What is Hydrotherapy and what are the benefits?
Hydrotherapy is clinical exercise completed in an aquatic setting, usually delivered by a physiotherapist or exercise physiologist. Hydrotherapy exercise is often prescribed to people with chronic pain or disability to assist in the management of their condition. The properties of water make hydrotherapy a unique type of exercise.
1. Buoyancy: Buoyancy is the upward pressure on the body, acting in opposition to gravity. This is what assists in reducing body weight when submerging into a pool.
2. Hydrostatic Pressure Hydrostatic pressure is the force exerted by water on an immersed object and is proportional to the depth of the water. Hydrostatic pressure assists with improving blood circulation and reducing swelling.
3. Temperature Hydrotherapy pools are usually heated between 31-35 degrees Celsius. Exercise in heated water can assist with increasing joint range of movement and promotes muscular relaxation. On a cellular level, heated water also helps with vasodilation which increases blood circulation around the body and assists with pain relief.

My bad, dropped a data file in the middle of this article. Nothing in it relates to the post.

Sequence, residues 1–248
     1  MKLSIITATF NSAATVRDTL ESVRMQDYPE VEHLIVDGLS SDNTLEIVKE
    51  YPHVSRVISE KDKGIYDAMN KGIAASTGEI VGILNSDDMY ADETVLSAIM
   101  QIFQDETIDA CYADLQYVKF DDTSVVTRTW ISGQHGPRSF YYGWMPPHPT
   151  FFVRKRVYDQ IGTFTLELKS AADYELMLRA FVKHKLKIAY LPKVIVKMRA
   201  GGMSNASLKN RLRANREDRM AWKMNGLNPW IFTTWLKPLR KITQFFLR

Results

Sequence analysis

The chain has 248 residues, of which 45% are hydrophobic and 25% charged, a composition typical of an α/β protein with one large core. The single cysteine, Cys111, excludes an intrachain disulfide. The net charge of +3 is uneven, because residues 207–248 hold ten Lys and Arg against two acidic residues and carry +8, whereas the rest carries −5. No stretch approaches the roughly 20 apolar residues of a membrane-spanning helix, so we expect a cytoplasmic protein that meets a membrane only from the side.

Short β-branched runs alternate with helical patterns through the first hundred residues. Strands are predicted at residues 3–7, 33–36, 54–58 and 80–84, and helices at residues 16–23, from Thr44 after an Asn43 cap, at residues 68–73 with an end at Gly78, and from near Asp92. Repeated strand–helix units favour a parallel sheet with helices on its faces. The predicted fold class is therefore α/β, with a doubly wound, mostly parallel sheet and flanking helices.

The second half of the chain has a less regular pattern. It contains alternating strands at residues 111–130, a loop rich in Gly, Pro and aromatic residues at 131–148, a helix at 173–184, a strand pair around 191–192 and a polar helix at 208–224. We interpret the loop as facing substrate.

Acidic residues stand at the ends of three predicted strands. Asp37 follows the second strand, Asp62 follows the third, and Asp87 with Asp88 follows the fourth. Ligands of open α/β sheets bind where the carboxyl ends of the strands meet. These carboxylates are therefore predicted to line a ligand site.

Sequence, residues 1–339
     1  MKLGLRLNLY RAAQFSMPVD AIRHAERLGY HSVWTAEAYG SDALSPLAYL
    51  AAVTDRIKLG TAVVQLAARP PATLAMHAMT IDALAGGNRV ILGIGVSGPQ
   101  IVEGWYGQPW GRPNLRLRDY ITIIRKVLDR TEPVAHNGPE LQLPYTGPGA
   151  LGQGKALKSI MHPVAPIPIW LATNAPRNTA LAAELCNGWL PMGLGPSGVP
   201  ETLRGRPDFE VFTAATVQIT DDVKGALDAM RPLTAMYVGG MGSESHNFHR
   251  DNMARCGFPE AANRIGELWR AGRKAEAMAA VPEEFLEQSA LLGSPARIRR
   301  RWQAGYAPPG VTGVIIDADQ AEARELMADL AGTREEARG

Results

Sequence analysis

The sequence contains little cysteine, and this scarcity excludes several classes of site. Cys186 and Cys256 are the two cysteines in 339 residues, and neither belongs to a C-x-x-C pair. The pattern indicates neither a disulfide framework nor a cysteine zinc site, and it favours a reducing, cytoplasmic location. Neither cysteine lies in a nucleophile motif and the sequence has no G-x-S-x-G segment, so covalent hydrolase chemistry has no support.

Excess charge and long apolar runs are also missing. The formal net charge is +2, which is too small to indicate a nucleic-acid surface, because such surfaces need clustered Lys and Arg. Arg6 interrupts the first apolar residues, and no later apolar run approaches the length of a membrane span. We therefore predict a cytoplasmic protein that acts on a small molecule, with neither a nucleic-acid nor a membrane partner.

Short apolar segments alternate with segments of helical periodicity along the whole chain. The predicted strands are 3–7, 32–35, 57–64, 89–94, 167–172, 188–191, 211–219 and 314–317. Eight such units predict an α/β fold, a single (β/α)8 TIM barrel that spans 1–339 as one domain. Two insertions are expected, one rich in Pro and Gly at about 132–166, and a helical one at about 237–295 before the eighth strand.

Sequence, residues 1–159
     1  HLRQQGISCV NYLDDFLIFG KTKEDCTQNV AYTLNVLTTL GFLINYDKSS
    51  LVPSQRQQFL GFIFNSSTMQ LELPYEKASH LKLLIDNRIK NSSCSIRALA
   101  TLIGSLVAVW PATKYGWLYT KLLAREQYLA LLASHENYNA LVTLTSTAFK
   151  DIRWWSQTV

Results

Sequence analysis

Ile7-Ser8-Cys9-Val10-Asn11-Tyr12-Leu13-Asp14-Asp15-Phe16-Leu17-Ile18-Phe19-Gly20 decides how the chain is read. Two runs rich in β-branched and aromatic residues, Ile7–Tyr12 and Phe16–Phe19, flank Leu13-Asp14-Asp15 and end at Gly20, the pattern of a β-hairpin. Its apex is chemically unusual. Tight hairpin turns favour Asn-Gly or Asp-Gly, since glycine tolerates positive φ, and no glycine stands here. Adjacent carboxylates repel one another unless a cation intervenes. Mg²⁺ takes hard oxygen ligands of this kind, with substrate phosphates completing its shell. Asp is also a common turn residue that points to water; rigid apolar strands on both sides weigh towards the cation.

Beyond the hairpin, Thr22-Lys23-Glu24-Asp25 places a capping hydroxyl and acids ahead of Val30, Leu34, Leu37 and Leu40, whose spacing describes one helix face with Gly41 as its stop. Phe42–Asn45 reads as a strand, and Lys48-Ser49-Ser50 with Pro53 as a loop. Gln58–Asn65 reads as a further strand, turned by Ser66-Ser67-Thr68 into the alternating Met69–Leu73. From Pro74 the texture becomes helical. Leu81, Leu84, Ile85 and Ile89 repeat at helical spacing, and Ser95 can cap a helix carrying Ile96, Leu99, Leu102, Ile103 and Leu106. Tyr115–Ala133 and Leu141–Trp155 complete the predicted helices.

4. Turbulence Turbulence is the movement of the water around you. Turbulent water provides an unstable, yet safe environment that is ideal for practicing balance exercises with minimal risk of injury.
5. Resistance Water is denser than air and provides more resistance during movement, similar to using weights during land-based exercise. The faster a movement, the more resistance, making the exercise more challenging for your muscles.
At Up and Active, our team of Physiotherapists and Exercise Physiologists prescribe hydrotherapy exercise to a range of people including chronic and acute musculoskeletal conditions such as osteoarthritis, post-operative rehabilitation and back pain. Hydrotherapy exercise is safe, yet challenging for those with progressive neurological conditions such as multiple sclerosis, Parkinson’s Disease and Cerebral Palsy. The potential benefits of hydrotherapy include: – improved cardiovascular fitness – improved muscular strength – improved gait and mobility – improved balance – improved joint range of movement and flexibility – improved blood circulation – reduced pain symptoms Like all types of exercise, there are certain conditions that are not suitable for hydrotherapy. It is always best to consult your doctor or treating allied health specialist to discuss whether hydrotherapy exercise is appropriate for you.